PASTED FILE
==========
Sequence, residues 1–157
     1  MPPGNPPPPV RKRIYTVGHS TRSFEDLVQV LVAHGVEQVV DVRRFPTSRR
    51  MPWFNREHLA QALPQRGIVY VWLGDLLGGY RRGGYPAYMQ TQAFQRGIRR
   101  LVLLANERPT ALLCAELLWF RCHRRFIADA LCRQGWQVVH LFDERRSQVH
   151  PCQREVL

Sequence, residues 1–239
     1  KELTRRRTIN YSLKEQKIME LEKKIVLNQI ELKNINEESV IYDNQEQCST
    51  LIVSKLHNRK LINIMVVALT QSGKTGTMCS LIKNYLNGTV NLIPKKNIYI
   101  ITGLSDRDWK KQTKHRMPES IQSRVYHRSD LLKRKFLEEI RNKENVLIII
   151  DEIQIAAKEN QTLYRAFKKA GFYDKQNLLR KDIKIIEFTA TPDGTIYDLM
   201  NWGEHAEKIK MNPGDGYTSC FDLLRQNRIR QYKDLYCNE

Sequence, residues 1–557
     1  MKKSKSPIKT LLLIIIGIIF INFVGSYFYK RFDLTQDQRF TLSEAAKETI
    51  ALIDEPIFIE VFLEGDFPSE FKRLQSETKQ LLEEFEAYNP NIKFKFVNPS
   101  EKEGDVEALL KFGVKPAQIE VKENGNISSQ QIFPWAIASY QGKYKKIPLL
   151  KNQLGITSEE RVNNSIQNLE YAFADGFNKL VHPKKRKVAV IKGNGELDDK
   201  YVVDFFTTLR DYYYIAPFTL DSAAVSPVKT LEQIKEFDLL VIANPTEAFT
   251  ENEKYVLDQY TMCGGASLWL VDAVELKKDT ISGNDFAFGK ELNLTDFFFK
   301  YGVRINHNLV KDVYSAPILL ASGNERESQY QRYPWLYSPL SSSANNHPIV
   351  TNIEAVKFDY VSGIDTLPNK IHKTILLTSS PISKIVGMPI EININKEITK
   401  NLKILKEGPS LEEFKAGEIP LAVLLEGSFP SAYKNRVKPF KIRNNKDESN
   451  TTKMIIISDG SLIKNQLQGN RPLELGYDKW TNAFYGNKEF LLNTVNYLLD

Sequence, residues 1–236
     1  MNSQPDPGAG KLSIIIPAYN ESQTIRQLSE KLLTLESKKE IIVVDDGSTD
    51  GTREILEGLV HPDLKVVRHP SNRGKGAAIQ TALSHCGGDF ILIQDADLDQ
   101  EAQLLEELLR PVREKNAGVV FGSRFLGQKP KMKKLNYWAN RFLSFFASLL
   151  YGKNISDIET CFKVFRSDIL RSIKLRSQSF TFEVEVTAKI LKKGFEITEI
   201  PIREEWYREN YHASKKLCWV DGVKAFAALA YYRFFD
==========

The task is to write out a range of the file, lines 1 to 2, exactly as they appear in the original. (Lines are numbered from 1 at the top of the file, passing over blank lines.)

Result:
Sequence, residues 1–157
     1  MPPGNPPPPV RKRIYTVGHS TRSFEDLVQV LVAHGVEQVV DVRRFPTSRR